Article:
Retirement planning can be considered a part of the broader term ‘financial planning’. In finance, the concept of opportunity cost is very important for decision-making. Opportunity cost refers to choosing one option and letting go of others, along with the benefits of the foregone items or services. For instance: buying things on sale or at the cheapest rate, but compromising on quality, and other such hacks and habits. This applies to retirement planning, too. Saving money helps for financial security but sometimes you question yourself whether these Money-Saving Habits Aren’t Worth It or not.
In India, where financial education has not been a part of the school curriculum, children typically inherit their financial habits from their parents. However, the useful saving habits for boomers may not be similarly useful for millennials or Gen Y.
Let us look at these money-saving habits that are not as useful for saving money as otherwise thought.
1] Delaying Insurance: For many individuals, health insurance is not considered a need, but rather a luxury. As many of the older generations have not spent on health insurance, many youngsters do not understand the need for it. The reality is that by spending a small amount, they can ensure coverage of their health-related expenses. However, they find saving this amount is more important than buying a health insurance plan.
Whether it is life or health insurance, the premiums are low if bought at a young age. But people often ignore it and save this money in financial instruments or, most of the time, use it for other expenditures. But, ignoring health insurance for self and family to save a few thousand rupees now can cost a few lakhs in the long run. Saving on insurance premiums can cost anyone dearly, eventually putting one’s finances under duress later.
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2] Saving On Necessary Items: Having a saving mindset is fine, but saving on items, such as food, basic comfort, etc., can have a high opportunity cost. For instance, doing all household work by oneself to save money, but losing out on health in the process is not worth the effort. Spending on oneself sometimes will not take the savings out of your kitty. Thus, think of saving money from items having less opportunity cost in the long run.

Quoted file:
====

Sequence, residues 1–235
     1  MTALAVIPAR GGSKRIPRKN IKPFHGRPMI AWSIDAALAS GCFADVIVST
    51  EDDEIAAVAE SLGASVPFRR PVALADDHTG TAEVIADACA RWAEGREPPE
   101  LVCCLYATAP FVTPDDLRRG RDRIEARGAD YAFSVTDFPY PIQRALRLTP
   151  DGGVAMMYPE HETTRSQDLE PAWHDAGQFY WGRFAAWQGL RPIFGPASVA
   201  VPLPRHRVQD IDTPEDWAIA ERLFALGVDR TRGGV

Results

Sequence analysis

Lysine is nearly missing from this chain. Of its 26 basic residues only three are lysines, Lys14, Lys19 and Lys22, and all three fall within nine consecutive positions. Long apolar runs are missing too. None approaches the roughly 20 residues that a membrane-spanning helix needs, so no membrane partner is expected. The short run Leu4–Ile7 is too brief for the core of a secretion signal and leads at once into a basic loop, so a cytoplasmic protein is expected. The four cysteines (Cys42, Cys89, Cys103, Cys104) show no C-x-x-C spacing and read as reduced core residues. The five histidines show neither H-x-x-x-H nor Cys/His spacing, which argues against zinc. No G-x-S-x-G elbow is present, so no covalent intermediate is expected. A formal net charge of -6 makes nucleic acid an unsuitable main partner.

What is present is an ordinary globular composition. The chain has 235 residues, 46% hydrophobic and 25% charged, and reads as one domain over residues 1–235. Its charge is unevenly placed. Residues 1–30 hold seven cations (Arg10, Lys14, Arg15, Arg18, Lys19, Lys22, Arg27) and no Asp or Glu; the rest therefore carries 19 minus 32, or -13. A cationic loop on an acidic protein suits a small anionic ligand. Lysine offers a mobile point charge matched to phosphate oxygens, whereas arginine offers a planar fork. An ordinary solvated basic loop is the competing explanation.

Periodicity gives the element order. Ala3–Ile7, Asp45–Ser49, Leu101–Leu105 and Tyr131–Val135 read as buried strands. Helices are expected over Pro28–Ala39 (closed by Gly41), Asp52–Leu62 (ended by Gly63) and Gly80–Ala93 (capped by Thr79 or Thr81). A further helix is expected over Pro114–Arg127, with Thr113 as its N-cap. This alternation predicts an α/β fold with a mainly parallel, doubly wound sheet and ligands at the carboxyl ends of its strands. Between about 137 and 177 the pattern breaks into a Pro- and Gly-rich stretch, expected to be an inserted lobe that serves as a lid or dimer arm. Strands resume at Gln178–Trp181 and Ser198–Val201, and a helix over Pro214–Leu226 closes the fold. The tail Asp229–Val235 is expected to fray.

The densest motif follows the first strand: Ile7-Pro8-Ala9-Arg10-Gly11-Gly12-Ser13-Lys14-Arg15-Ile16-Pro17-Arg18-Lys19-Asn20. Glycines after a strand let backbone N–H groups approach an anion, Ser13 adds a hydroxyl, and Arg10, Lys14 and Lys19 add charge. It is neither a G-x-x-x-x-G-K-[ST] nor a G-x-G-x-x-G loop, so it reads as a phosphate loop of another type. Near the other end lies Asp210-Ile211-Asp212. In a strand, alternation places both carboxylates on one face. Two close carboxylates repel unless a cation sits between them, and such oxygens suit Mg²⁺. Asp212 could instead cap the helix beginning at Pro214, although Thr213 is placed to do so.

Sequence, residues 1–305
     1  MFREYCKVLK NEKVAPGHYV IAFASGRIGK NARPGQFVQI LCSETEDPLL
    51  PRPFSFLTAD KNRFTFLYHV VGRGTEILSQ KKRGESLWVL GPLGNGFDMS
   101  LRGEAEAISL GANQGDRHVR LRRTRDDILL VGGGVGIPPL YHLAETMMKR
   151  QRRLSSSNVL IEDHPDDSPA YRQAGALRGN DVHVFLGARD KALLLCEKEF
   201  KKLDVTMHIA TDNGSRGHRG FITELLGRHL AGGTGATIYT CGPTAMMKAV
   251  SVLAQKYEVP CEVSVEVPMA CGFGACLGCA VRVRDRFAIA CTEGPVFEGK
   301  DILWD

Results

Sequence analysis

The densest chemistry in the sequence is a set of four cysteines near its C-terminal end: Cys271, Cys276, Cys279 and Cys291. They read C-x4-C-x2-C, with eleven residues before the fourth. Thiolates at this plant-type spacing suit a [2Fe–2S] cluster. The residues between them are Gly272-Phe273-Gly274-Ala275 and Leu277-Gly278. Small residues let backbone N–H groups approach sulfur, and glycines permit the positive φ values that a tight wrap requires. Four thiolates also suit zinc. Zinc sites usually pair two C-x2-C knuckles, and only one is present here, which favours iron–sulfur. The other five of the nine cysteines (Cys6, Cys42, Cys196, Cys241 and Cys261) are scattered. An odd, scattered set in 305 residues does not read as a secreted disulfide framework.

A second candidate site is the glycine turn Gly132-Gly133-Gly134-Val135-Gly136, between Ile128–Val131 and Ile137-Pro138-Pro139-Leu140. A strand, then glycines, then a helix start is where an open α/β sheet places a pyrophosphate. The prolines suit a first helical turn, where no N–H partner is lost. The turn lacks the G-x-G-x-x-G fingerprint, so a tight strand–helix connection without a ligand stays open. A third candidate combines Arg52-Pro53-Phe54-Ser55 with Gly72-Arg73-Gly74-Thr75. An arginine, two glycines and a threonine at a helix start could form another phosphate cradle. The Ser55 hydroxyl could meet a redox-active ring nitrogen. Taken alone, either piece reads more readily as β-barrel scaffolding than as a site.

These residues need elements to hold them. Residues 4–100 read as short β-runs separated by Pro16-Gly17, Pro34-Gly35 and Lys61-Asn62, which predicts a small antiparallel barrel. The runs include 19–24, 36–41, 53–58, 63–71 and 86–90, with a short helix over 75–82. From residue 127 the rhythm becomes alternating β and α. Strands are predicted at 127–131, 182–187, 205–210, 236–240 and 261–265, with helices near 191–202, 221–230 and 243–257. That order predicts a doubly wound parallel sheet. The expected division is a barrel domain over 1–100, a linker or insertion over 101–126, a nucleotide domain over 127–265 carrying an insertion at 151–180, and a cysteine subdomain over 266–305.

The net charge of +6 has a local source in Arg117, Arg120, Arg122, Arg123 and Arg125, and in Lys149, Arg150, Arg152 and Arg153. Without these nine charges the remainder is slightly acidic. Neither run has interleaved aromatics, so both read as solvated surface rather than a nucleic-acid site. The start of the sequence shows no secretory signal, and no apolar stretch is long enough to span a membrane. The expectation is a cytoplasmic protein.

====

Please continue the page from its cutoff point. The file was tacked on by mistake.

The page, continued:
3] Saving At The Cost Of Getting An Education: At times, saving looks more attractive because it gives measurable rewards in terms of building upon the corpus, so the expenses for long-term benefits may get ignored, and education is one such important expense.
In many families, once a child is born, parents do not want to spend on their upskilling and education, even if it can improve their chances to explore better career options and earn more. The opportunity cost is high if it is for education, and hence, it should be evaluated carefully.
4] Ignoring Health And Avoiding Small Joys: If your life mantra is to work hard, it is not harmful. However, ignoring health, both physical and mental, may not be a good idea. If you want to save money by not joining a hobby club or not taking time off from work even if you are not feeling at your best, it may harm you more than it can save you money.
For unquantifiable things, knowing what you are losing by letting off the alternative option may be difficult, such as joining a gym or exercising at home. So, find out their opportunity cost and make the decision.
Saving money and investing is crucial, but certain money-saving habits that look useful in the short term may not be beneficial in the long term after retirement, especially when it comes to the quality of life. So, being mindful of the opportunity cost to balance savings and expenditure is critical, so that you don’t end up cutting down on your expenses to an extreme, and also get to enjoy a quality life, too.